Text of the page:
CG: I feel like I screwed up there, because Archaeus is not the first vampire. The first true vampire was sired by the Old One, Maloker, who we recently saw in the first BTVS Season 10 story arc. And over time vampires have evolved, from the Turok-Han to what we see today. I did a bad job of making clear that Archaeus is not a vampire, nor is he an Old One. He is a demon lord, like many others we’ve seen over Buffy’s seasons. What makes this one interesting is that part of Archaeus’ essence is in Angel and Spike. See, the way vampires work in the Whedonverse is this: when a vampire sires a human, they die – their soul leaves their body – and is replaced by part of the essence of a demon from a Hell dimension. This creates a brand new being, a vampire, that is a combination of the original human’s personality (usually their darkest qualities) and the essence of the demon.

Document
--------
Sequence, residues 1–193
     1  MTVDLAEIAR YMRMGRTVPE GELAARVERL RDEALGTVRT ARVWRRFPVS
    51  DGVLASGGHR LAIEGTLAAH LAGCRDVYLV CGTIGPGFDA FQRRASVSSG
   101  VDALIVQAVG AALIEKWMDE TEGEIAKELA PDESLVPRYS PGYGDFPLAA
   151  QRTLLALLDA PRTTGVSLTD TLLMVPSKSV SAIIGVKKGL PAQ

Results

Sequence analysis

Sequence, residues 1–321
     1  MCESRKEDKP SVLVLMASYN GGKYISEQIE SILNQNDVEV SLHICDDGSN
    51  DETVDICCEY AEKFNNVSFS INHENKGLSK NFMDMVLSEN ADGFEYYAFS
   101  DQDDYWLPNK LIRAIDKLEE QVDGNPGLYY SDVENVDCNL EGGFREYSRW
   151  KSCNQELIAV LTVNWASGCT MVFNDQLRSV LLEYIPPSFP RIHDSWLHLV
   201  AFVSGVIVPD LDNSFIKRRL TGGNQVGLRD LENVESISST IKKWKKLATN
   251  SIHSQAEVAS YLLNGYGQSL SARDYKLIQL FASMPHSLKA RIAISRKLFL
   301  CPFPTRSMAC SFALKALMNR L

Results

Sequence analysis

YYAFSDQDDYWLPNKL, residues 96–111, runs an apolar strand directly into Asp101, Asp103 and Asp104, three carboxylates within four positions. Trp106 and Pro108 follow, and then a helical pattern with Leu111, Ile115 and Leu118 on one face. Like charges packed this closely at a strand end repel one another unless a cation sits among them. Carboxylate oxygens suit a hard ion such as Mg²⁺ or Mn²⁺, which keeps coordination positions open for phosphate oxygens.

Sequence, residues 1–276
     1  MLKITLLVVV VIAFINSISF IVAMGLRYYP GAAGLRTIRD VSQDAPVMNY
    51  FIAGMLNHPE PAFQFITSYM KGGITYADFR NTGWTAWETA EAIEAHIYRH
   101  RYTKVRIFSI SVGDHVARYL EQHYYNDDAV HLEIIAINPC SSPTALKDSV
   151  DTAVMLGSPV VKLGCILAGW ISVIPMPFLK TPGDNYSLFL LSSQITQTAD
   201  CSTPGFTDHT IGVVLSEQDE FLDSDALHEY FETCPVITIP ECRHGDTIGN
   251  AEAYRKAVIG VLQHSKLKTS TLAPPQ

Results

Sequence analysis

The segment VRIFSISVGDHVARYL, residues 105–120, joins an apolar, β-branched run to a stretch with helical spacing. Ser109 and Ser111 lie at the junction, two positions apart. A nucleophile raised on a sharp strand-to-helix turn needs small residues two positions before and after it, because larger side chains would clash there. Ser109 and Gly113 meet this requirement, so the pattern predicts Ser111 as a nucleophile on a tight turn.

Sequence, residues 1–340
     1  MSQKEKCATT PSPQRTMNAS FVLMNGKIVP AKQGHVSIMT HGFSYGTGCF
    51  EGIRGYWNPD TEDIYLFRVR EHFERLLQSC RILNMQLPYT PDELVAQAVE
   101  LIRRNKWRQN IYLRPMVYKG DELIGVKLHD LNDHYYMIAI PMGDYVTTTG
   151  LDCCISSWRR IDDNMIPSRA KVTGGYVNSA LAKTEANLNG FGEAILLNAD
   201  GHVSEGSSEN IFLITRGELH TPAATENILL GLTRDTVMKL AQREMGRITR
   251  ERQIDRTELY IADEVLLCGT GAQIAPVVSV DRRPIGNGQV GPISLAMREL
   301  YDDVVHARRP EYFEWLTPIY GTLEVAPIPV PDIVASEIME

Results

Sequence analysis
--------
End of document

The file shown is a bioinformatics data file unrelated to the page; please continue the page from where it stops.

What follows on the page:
My theory is that the vampire’s relationship with the demon whose essence is in them can vary widely, depending on how powerful that demon is. Usually, the demon in question doesn’t have much, if any, influence on the vampire. But if the demon is powerful enough, they might…though usually only if they are in the same physical dimension as that vampire. Also, if the demon is strong enough, they can increase their potential power by sowing their essence from one vampire into others sired by that vampire…theoretically, building an army they can command if they ever come to Earth. That’s what Archaeus has done. I really made this a lot more confusing than it had to be, sorry! I will try to clarify going forward.
BCP: On the subject of reading, what’s in your read pile these days?
CG: A lot of stuff…off the top of my head, Silver Surfer, Saga, Mind MGMT, Astro City, BPRD, Imperium, Rat God, Thor, Ragnarok, the Creepy, Eerie and Vampirella Archives…there’s a lot more. I also recently read Mike Carey’s novel, The Girl With All The Gifts, and really enjoyed it.